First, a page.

North Delta businesses, and Canadian businesses in general, may want to hedge themselves against a potential surge of American protectionism.
That’s according to experts at PricewaterhouseCoopers (PwC), who forecasted such outcomes resulting from the Trump administration’s trade policies during a panel discussion and luncheon hosted by the Delta Chamber of Commerce on Jan. 25.
While the event was advertised as a discussion about how Canadian and U.S. budgets would specifically impact Delta businesses in 2017, the panel, made up of tax consultants Mike Shields and Jonathan Osten and U.S. immigration lawyer Douglas Cowgill, largely elaborated on the yet-to-be-seen state of U.S. trade, immigration and tax policy.
“I think the thing that has stood out to me most of all are the present vagaries of what we can really expect,” said Delta Mayor Lois Jackson. “If it unfolds as we think it may, in terms of the protectionist attitude of the United States, it follows that the Canadian businessman is going to be very careful with his export plan.”
Delta Coun. Robert Campbell said that while the presentation provided some interesting information, there was nothing new in it from a municipal perspective.
“I thought there might be a little more discussion of things that pertain to Delta businesses,” Campbell said.
Campbell added that although there are a number of businesses in Tilbury and on Annacis Island that do trade south of the border, how U.S. trade policy would affect each of them was “a question that only individual businesses can answer.”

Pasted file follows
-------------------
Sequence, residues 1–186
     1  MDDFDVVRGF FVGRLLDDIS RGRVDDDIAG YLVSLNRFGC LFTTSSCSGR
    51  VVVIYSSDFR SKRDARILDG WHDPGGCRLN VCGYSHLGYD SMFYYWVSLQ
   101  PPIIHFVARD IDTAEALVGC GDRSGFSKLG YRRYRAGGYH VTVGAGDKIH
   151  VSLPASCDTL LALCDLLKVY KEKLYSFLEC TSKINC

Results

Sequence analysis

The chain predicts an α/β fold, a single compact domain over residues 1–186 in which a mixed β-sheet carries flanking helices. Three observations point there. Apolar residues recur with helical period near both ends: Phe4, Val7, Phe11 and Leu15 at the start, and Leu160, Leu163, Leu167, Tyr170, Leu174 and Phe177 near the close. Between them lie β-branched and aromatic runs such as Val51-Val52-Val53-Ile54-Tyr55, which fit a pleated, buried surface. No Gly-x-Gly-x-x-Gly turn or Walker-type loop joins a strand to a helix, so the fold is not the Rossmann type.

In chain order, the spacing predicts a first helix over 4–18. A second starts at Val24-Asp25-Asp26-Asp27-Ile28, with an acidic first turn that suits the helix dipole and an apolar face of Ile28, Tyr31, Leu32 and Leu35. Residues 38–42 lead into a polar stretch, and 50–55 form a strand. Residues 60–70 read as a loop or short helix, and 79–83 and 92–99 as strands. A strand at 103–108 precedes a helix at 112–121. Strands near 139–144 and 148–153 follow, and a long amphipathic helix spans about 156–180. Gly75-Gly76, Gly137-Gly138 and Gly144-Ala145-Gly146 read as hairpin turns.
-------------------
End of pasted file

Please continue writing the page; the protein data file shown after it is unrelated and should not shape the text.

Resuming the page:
PwC Tax partner Mike Shields talks about the inclination of U.S. President Donald Trump and Republicans in Congress towards comprehensive tax reform during a panel discussion at the Delta Town and Country Inn on Jan. 25. Photo credit: Kier Junos
Raphael Filosos, co-owner at Acrylco, a plastic fabrication distributor on Annacis Island, said he didn’t think his business would suffer due to its small amount of U.S. imports.
“It would be easy to find substitutes for our inputs,” Filosos said, adding that the company paid duties on imports before NAFTA and that, if it was renegotiated, he imagines that the worst case scenario would be that it pays them again.
Delta farm owners, however, may not be able to be so complacent.
Graham Bolton, senior relationship manager at Farm Credit Canada, said that Canadian farms source a “significant number of inputs from the U.S.”
Any increase in U.S. tariffs, which President Trump recently suggested may be coming, could lead to an appreciation in the U.S. dollar, but could exacerbate the challenges that farmers already face with a sagging Loonie.
Bolton said it’s not always easy for farms to find affordable non-U.S. substitutes for inputs. As for insulating themselves against exchange rate shocks, some farms can employ fixed price contracts with suppliers, if they can be so fortunate.
Besides the price, some U.S. firms produce goods with the Canadian market and its regulations in mind. Sourcing a crop spray, for example, outside of the U.S. might be cheaper, but pointless if the product isn’t approved for use in Canada.
At the luncheon, Shields said he couldn’t speak specifically to how protectionist U.S. trade policy could affect a farm, but he offered businesses in general should be wary about any U.S. contracts or any exports denominated in U.S. dollars.